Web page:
Skip to main content

Will the real Mr. Suresh Kalmadi please stand up?


When it became public knowledge that the budget of the Commonwealth Games had doubled, a few were taken aback. For the bigger surprise was yet to come – in the shape of a helium balloon. A blimp, truth be told that would be used for a grand total of some 3 hours for the opening and closing ceremonies. Then opinions ran amok. Usain Bolt would emerge from the blimp it was said and then proceed to run for his life. No, it wasn’t a ploy to get him to compete (or so they say). Maybe the sports minister or better, the organising committee chairman would tumble out to imaginary rapturous applause. No, said another voice interested in adding their two pence, the blimp was the new mascot. But what could possibly justify the 40 crore budget for this gas filled extravaganza? A meek voice whispered from the sidelines– “even the gas for the balloon is being imported from Russia.”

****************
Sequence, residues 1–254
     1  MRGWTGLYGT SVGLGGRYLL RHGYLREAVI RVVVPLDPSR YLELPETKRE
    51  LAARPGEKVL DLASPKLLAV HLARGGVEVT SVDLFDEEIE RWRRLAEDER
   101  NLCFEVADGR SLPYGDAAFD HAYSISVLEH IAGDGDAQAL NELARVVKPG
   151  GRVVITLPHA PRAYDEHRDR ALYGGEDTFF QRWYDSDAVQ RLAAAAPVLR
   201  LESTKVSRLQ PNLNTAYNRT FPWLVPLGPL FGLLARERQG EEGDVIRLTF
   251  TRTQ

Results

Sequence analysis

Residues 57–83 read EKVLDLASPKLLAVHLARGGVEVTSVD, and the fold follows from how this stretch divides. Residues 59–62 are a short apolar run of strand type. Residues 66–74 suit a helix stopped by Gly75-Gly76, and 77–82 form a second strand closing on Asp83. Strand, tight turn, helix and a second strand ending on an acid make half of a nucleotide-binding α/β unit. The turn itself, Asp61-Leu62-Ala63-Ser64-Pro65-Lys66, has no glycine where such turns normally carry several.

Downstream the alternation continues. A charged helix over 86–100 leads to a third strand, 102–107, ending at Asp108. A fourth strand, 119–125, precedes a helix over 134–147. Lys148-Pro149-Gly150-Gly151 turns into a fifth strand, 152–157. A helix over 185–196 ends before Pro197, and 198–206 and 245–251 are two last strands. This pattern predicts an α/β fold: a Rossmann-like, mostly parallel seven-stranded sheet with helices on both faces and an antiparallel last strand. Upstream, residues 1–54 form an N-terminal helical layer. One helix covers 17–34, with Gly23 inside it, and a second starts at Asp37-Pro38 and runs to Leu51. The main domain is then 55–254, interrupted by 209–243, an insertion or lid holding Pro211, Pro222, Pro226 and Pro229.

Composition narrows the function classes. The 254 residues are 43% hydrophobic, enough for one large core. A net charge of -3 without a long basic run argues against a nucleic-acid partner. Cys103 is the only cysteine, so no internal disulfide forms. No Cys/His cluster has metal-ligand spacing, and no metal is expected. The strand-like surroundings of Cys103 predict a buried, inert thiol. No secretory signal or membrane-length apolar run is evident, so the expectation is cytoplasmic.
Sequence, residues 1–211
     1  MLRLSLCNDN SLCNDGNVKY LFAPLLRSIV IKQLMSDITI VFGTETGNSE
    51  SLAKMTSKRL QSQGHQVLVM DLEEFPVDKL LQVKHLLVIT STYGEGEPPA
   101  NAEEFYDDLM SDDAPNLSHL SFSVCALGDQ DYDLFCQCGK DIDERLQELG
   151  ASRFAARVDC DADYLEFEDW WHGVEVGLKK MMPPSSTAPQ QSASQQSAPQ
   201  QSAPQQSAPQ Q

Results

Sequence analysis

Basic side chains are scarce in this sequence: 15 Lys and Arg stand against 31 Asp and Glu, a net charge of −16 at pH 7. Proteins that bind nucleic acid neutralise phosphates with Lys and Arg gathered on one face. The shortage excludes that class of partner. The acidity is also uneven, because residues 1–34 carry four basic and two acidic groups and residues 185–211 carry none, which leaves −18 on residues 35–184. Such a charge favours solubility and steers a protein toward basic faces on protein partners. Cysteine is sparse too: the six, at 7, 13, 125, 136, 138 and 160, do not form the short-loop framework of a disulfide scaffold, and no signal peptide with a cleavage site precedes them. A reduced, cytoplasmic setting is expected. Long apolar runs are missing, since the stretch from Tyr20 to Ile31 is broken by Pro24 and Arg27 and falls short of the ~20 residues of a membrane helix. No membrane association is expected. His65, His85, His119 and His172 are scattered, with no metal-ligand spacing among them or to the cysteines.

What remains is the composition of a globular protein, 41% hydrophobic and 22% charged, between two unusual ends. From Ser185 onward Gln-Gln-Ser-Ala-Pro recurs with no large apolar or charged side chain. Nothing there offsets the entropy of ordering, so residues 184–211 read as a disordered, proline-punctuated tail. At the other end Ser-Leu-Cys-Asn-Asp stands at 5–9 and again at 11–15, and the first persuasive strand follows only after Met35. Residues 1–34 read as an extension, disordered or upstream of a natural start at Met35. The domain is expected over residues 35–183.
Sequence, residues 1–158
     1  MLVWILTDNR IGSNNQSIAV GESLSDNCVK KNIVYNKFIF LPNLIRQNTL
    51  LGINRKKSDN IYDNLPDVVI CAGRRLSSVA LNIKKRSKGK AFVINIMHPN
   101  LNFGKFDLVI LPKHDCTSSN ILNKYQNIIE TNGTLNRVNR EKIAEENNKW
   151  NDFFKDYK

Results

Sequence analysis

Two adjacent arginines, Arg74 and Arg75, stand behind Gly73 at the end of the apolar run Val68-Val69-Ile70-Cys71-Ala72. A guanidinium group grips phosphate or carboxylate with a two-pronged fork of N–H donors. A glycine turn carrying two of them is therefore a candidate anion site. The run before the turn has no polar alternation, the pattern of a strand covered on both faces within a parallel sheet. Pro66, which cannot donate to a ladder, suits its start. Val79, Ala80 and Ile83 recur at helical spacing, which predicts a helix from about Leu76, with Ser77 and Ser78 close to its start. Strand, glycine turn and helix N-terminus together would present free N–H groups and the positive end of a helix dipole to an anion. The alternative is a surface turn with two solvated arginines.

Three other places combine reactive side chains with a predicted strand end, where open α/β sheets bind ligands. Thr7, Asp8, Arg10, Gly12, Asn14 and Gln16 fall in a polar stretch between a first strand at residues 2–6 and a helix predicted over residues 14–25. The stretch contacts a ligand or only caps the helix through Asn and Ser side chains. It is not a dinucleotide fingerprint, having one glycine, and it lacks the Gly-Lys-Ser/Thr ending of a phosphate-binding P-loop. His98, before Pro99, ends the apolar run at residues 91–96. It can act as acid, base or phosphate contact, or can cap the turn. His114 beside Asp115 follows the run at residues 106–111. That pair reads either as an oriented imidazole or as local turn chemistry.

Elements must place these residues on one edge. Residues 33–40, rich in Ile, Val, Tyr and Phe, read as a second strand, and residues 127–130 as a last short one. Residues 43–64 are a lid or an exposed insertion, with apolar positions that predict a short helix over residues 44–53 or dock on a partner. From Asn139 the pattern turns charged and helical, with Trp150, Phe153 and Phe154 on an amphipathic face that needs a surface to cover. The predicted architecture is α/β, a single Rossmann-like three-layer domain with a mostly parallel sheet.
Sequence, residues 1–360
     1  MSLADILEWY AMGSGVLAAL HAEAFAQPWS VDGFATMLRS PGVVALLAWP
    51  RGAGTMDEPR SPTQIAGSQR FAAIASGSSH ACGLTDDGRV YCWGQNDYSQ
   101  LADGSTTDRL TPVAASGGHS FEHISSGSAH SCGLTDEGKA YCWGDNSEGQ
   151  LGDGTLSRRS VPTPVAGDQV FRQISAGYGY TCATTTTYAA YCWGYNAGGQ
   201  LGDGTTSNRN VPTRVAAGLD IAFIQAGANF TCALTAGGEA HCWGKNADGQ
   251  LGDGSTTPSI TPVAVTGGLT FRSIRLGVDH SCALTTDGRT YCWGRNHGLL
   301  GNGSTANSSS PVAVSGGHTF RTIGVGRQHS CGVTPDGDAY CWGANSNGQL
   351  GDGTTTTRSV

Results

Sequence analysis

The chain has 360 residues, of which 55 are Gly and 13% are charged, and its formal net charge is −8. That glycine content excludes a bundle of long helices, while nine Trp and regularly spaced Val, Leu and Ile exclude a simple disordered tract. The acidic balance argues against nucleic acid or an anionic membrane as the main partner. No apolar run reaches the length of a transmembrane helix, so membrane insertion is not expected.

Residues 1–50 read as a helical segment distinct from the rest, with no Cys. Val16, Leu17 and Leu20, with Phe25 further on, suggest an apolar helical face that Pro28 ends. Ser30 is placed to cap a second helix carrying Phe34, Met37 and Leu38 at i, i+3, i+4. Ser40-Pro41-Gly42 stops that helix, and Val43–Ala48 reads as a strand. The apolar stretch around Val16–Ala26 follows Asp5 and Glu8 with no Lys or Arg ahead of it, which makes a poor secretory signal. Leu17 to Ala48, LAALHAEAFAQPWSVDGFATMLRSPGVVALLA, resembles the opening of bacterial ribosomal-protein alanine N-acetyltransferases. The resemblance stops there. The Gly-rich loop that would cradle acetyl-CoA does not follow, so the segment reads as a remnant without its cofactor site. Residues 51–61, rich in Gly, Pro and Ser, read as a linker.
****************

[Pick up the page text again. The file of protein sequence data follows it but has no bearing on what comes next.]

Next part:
Approximately, some 30,000 crore is being spent for the games. With news channels going agog over a certain Mr. Suresh Kalmadi and his purported misdeeds, it would be naive to recount them and find any joy in doing so. For Mr. Kalmadi is but a scab in the deep rooted malaise plaguing our system. Of course, we can humour ourselves with his statements such as– “The games will even be better than the Olympics” or the more recent “All stadiums are ready.”